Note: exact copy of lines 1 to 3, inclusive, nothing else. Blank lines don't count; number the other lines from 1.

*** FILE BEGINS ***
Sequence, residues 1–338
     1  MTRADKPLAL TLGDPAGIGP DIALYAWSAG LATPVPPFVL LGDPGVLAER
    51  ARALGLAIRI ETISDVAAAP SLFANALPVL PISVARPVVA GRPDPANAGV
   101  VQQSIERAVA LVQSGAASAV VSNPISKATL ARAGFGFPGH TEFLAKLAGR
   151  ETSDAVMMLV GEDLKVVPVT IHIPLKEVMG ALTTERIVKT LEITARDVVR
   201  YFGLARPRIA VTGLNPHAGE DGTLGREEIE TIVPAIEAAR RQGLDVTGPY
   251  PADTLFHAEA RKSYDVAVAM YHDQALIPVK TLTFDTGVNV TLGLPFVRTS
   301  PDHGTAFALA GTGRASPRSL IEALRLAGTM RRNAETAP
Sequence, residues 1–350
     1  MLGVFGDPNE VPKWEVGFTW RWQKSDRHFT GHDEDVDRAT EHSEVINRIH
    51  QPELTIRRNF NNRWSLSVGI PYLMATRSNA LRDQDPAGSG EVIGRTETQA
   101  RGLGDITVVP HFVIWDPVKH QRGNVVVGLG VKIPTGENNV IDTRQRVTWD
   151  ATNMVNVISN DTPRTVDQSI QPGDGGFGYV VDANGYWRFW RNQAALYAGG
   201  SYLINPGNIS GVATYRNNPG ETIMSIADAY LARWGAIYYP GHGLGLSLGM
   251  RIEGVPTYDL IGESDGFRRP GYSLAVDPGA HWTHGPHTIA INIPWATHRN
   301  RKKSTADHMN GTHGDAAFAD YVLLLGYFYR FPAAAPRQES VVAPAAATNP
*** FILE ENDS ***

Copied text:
Sequence, residues 1–338
     1  MTRADKPLAL TLGDPAGIGP DIALYAWSAG LATPVPPFVL LGDPGVLAER
    51  ARALGLAIRI ETISDVAAAP SLFANALPVL PISVARPVVA GRPDPANAGV